Alaska Outdoor Journal's Ecology CenterEcology Animals Composite
by Klondike Kid
AOJ Ecology

Building Nest Boxes For Alaska's Bug Eating Swallows

Swallows are an enjoyable species of wildlife to have around the yard. In addition to their entertaining acrobatics they are wonderful bug eaters, especially for mosquitos here in Alaska. The Violet Green swallow and tree swallow migrate to southcentral Alaska around May 1st. In the wild they chose to nest in abandoned woodpecker nest sites but these are relatively rare and so the birds will take up residence in anything that meets their requirements.

Manmade nest boxes are easy to construct and install. The following instructions, illustrations and guidelines will guide you through the process. Its a great project for the whole family to participate in.


Materials: Sides, back and bottom panels 1 x 8" finished boards (actual dimensions 3/4" x 7 1/2"). Top: 1/2" plywood.

Place a 1/4" hole in the back, near the top, for hanging the nest box on a nail. If the nest box is to be placed on the side of a building, extend the back panel board an additional 2" in length for easy mounting.

The box can also be placed on a 3" or 4" diameter post or pipe, ten or more feet tall, attached to the bottom of the box and a 12" metal sleeve should cover the wooden post just below the nest box to discourage predators. If painted it will not be unsightly. When a post is used, add one inch overhang to the back of the nest box top.

Plans for building Swallow Bird Houses
Plans for building Swallow Bird Houses
I built both of these at the same time in 2 1/2 hours from scratch. I used screws (with drilled pilot holes) rather than nails so that I could replace any component that might need repair. And I can take the top off to clean out the interior every two years to prevent insect pests without adding expensive hinges. As you can see, I mounted two versions. One "plain Jane" unpainted version to age and weather naturally and the other with birch bark stapled to it to give it somewhat of a tree cavity appearance. I'm sure both will be occupied once the swallows return but there could be a difference in preferences. The bark house is mounted on a ten foot tall 3" pipe. A dog food can 3 1/4" in diameter was screwed to the underside of the house with 1/2" wood screws and then slipped over the pipe. I used two layers of an old sock slipped over the pipe to take up the slack and prevent any house wobble when the wind blows. Birch bark has a natural wood preservative in it which prevents it from rotting. I added small pieces of Gorilla tape where I put the staples to prevent the bark from popping off the staples. The "plain Jane" box is mounted on a nine foot tall birch tree stump and hangs on a nail through a back panel hole with a piece of bailing wire tied around the body to prevent it from moving when the wind blows hard.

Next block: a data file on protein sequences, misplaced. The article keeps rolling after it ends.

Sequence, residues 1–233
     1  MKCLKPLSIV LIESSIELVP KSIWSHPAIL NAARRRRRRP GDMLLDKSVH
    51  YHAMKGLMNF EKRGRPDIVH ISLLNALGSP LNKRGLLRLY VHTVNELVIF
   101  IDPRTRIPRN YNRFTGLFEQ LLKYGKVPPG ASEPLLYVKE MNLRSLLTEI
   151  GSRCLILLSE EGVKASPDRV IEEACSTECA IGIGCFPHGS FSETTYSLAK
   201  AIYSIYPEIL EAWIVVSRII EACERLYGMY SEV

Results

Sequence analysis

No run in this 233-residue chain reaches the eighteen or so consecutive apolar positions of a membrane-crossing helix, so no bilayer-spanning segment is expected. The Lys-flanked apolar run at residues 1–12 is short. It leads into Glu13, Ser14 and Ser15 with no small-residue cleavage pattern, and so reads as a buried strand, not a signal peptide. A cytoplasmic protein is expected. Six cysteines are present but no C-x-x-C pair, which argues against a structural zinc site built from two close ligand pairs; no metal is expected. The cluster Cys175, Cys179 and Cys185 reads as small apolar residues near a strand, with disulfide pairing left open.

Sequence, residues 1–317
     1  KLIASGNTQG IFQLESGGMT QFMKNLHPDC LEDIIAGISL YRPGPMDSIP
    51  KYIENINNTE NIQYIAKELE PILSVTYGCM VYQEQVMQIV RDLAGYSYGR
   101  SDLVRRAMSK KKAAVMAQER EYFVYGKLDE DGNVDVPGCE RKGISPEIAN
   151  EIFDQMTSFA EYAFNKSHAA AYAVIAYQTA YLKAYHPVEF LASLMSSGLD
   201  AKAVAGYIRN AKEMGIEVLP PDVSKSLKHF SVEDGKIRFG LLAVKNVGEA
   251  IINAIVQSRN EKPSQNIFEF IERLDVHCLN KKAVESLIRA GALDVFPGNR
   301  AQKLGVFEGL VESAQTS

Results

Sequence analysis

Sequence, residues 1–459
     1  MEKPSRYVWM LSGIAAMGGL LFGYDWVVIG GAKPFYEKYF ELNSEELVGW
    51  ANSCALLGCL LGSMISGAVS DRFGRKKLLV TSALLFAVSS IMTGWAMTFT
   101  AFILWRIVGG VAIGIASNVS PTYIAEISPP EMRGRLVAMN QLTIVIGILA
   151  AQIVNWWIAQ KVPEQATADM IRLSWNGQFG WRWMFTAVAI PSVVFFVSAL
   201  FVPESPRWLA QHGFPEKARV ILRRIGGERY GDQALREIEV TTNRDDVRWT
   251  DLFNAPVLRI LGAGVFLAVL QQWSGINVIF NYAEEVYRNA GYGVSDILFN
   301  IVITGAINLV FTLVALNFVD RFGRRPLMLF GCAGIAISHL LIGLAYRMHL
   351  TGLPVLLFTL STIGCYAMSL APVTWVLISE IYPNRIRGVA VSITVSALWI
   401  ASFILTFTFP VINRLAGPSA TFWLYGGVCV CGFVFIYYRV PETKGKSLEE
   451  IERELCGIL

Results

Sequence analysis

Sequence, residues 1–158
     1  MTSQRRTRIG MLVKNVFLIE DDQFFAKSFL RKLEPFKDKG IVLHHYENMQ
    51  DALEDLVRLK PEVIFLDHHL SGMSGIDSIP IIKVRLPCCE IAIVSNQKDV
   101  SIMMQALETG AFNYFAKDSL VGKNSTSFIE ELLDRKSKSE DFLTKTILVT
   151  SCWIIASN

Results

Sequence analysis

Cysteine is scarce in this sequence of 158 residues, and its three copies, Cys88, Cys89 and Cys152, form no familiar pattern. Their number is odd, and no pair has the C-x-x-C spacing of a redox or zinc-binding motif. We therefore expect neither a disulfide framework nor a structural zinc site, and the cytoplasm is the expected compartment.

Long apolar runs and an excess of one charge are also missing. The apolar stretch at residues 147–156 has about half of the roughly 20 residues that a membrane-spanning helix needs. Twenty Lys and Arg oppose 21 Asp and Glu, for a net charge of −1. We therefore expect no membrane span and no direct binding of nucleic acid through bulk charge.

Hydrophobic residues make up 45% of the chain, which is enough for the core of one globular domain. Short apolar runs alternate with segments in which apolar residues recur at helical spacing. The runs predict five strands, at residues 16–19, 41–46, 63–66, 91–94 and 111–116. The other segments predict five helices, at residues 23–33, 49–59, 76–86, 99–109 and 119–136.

Plans for building Swallow Bird Houses

  1. Preferred nest sites have south, east or western exposures.

  2. Violet Green and tree swallows do not like close neighbors. Place boxes away from each other, at least forty or fifty feet, and making the entrances face different directions is helpful. Apartment swallow houses are cruel, and cause the death of many birds, due to constant territorial fighting. These birds are not martins and lack the gregarious instincts of martins.

  3. Swallows like open country or open, mixed woods. In tree-less areas, Violet Green swallows nest in small crevices in rock cliffs.

  4. Place nest boxes well out of reach of cats and squirrels. Never place nest boxes on spruce trees or squirrels will move into them.

  5. Swallows prefer nest sites with front over-hang either under the eaves of buildings or built onto the nest box by extending the roof. See photos.

  6. No perch is really necessary, and the typical peg type perch is unacceptable because it damages tail feathers. Use a cross perch made from a small tree limb.

  7. The normal nest site for tree swallows and most lowland Violet Green swallows are the abandoned nest cavities of woodpeckers. Homemade nest boxes should resemble these. Care should be taken not to make the inside dimensions too large, bigger isn't better, follow the sizes in the illustrations, these have proven to be the best for hundreds of years.

  8. No nest material should be placed in the boxes, nest building is a vital part of swallow courtship. Paint the box any color you wish, the birds will be unaffected by it.

  9. NEVER put wire or other fabric inside of boxes for the young to climb up. This causes the young birds to crowd the entrance and forces them out of the nest before they can fly, making them easy prey for predators. Don't worry, they will get out when the time is right.

  10. Never drill air holes in the bottom of any nest box. It invites ants which move into the nesting material and will kill the young. Woodpeckers don't make holes in the bottom of their nest cavities and they should not be there for swallows either. Don't worry about air circulation, and if the roof is water tight the nest cavity will stay dry.

  11. Clean out the old nesting material about once every two years. If you attach the top with hinges this is an easy chore.

  12. Don't make metal nesting sites such as pipes; they get too hot and too cold.

  13. DON'T OPEN THE NEST BOX TO SEE THE BABIES! Install boxes by May 1.

All Content Copyright ©1996-2014
Visual Media Design & Alaska Outdoor Journal
All Rights Reserved